Moving from “doc in a box” to “doc in a tube “?

Walgreens testing mobile app for virtual doctor visits

From the article:

Walgreens, the nation’s largest drugstore chain, is testing a new mobile app that lets patients see a doctor and get a prescription without leaving home.

The Deerfield, Illinois, company said Monday that patients in California or Michigan can now contact a physician around the clock through Walgreen’s telemedicine app for smartphones or tablet computers.

The virtual visits cost $49, and doctors can diagnose and treat problems that aren’t emergencies and don’t require a physical exam, such as pink eye or bronchitis. The physicians, who must be licensed to practice in the patient’s state, also can write prescriptions.

The virtual doctor visit app was developed with MDLive and is available for both iOS and Android.

It does not require that patients fill prescriptions from those virtual visits at Walgreens pharmacies.

I was always told that it was ILLEGAL for a prescriber to write a prescription(s) if they have not done a in person physical exam ?  Does this process have a special dispensation from that law… or is the law just being ignored .. until someone files a complaint/lawsuit ?

4 Responses

  1. Considering the hundreds of thousands of medical errors made every year in American hospitals, I have to wonder how much worse being seen via telemedicine could be. First-time cases of respiratory conditions might be harder to diagnose, but what percentage of cases are first-timers compared to chronic?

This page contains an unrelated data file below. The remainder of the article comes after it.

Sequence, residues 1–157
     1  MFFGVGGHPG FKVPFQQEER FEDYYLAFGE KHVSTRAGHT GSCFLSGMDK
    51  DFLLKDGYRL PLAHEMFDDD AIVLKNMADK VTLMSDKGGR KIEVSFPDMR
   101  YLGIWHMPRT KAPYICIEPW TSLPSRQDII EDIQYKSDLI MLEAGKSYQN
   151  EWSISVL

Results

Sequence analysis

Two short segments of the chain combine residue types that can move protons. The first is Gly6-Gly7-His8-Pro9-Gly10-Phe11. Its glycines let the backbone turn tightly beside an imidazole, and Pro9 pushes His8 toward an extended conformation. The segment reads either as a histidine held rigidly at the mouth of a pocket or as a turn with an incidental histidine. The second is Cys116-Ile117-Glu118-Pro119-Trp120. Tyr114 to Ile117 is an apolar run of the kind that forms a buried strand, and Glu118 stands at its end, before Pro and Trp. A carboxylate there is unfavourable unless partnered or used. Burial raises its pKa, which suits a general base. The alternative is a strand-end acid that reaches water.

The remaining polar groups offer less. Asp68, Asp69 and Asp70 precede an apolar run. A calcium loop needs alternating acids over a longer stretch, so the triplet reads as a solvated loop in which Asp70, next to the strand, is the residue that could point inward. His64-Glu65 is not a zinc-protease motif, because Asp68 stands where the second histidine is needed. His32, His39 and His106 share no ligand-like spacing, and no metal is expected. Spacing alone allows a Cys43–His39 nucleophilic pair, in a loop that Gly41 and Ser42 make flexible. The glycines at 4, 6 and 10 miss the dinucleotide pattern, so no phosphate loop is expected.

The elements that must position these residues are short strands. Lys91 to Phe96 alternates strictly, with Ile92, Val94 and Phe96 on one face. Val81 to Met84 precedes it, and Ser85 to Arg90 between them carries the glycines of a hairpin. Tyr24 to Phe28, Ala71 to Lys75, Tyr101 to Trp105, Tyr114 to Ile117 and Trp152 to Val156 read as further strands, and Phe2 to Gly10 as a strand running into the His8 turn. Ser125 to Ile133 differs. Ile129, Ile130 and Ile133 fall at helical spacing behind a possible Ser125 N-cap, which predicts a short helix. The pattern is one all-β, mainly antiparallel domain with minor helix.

2. Anything to increase the bottom line for the chain, hah?. I wonder how many people will have to die before somebody stops this madness.
    It could be very tricky to differentiate bronchitis from pneumonia, you can trust me on that.

  3. I was always told if you haven’t seen your physician in the last 6 months, they can not write a script for you. At least that was what physician’s told me when I worked as a home care nurse. That must have changed. Either way, this virtual doctor visits is screaming lawsuits.

  4. Center for Telehealth at the University of New Mexico: Telehealth is clinical care, health-related education and training, and public health activities delivered at a distance, using telecommunications networks and information technologies such as video-conferencing. Particularly applicable to rural and other under-served communities, telehealth can not only increase access to care, there is mounting evidence that at the same time, it can improve health outcomes and reduce costs.

    A telemedicine license is a limited license that allows a physician located outside New Mexico to practice medicine on patients located in New Mexico.

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